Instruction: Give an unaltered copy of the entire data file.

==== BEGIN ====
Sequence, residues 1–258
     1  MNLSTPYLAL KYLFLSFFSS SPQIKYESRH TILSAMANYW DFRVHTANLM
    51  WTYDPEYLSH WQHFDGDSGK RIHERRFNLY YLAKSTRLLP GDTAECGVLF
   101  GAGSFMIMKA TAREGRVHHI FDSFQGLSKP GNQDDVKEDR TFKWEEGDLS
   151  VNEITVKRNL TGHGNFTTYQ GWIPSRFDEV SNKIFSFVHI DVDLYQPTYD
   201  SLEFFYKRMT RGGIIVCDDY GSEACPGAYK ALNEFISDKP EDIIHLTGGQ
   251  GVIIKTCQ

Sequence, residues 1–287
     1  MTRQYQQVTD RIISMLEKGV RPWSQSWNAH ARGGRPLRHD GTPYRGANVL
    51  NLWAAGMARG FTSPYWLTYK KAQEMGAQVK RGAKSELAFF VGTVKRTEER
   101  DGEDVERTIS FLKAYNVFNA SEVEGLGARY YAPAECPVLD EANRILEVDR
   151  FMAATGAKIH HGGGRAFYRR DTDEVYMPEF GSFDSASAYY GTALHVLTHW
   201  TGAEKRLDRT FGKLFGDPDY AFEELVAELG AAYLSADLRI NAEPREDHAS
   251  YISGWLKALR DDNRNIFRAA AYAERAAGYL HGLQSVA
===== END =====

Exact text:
Sequence, residues 1–258
     1  MNLSTPYLAL KYLFLSFFSS SPQIKYESRH TILSAMANYW DFRVHTANLM
    51  WTYDPEYLSH WQHFDGDSGK RIHERRFNLY YLAKSTRLLP GDTAECGVLF
   101  GAGSFMIMKA TAREGRVHHI FDSFQGLSKP GNQDDVKEDR TFKWEEGDLS
   151  VNEITVKRNL TGHGNFTTYQ GWIPSRFDEV SNKIFSFVHI DVDLYQPTYD
   201  SLEFFYKRMT RGGIIVCDDY GSEACPGAYK ALNEFISDKP EDIIHLTGGQ
   251  GVIIKTCQ

Sequence, residues 1–287
     1  MTRQYQQVTD RIISMLEKGV RPWSQSWNAH ARGGRPLRHD GTPYRGANVL
    51  NLWAAGMARG FTSPYWLTYK KAQEMGAQVK RGAKSELAFF VGTVKRTEER
   101  DGEDVERTIS FLKAYNVFNA SEVEGLGARY YAPAECPVLD EANRILEVDR
   151  FMAATGAKIH HGGGRAFYRR DTDEVYMPEF GSFDSASAYY GTALHVLTHW
   201  TGAEKRLDRT FGKLFGDPDY AFEELVAELG AAYLSADLRI NAEPREDHAS
   251  YISGWLKALR DDNRNIFRAA AYAERAAGYL HGLQSVA